His jaw clenched slightly. “Why are you so concerned with my grandmother?”

“Because of all the things in my shop, you wanted an old Pyrex bowl that reminded you of your grandmother. And when you spoke of the biscuits she made in a bowl like that, your face softened and glowed. You became someone else. I’d like to get to know that person. And I think your grandmother and her memories is the key to this softer, gentler man.”

A long pause spread its tentacles through the space wrapping around the two inhabitants cozied in the corner. She waited. She was nothing if not patient. His chest heaved in a large sigh. A twitch by his eye finally slowed down and his features smoothed out. “I told you before that I don’t look to the past. I don’t have good memories of my childhood.”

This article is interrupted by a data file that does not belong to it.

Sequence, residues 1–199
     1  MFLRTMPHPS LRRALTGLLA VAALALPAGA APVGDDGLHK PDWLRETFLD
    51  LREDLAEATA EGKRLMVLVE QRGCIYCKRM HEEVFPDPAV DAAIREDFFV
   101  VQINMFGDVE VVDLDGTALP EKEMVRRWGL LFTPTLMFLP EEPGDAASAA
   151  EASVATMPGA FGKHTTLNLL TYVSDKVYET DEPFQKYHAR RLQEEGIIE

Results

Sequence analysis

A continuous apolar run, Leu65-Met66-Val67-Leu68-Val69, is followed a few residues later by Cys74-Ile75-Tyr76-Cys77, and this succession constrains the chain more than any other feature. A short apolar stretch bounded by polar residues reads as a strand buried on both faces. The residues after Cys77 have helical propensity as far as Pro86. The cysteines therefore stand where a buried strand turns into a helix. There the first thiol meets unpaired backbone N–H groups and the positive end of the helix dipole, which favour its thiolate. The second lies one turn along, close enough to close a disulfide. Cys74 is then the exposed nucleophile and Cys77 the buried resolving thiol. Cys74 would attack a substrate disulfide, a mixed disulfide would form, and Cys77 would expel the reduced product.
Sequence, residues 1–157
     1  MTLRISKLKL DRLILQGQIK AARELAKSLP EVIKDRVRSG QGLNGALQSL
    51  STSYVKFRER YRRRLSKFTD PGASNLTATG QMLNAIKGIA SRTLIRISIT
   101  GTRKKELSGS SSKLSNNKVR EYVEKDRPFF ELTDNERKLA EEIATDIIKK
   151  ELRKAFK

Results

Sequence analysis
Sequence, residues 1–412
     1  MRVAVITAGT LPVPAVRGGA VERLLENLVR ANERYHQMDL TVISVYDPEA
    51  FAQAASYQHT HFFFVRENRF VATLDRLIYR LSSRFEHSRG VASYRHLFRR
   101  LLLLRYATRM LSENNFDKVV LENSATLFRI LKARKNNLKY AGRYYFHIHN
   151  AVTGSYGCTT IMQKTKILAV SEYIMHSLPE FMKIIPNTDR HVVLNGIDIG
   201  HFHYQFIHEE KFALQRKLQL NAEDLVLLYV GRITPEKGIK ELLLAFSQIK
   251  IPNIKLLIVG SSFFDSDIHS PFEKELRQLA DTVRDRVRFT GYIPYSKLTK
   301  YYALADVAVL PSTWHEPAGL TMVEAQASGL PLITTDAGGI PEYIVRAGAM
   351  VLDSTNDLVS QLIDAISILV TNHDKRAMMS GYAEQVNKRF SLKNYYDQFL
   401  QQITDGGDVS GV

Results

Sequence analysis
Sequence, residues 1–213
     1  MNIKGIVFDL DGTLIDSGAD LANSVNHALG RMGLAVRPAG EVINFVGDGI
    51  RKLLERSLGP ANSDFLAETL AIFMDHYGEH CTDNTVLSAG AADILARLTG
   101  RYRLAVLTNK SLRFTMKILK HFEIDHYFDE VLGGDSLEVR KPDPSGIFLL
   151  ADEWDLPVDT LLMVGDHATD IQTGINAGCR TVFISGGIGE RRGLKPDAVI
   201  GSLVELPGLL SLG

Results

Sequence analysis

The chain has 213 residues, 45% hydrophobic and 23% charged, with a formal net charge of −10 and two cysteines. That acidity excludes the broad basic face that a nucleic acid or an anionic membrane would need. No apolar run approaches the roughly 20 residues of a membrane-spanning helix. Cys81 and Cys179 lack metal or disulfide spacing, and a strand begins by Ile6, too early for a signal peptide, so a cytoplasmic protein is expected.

“Yes. I remember,” she said softly and soothingly.

“The summer I spent with my grandparents is the only happy time I had. My mother and I lived in a car for more years than I ever remember being in a home. And even then, it was barely a hovel with new boyfriends in and out of our existence.”

He tipped his glass and downed half his drink in one swallow. “Do you have any idea what it’s like to sleep in a car every night? To have to use the restroom outside behind a bush? To have to go to the nearest Walmart and use their facilities to clean up? To only have one pair of pants and only a few shirts, that were usually filthy and stunk because we rarely had a place to do laundry?”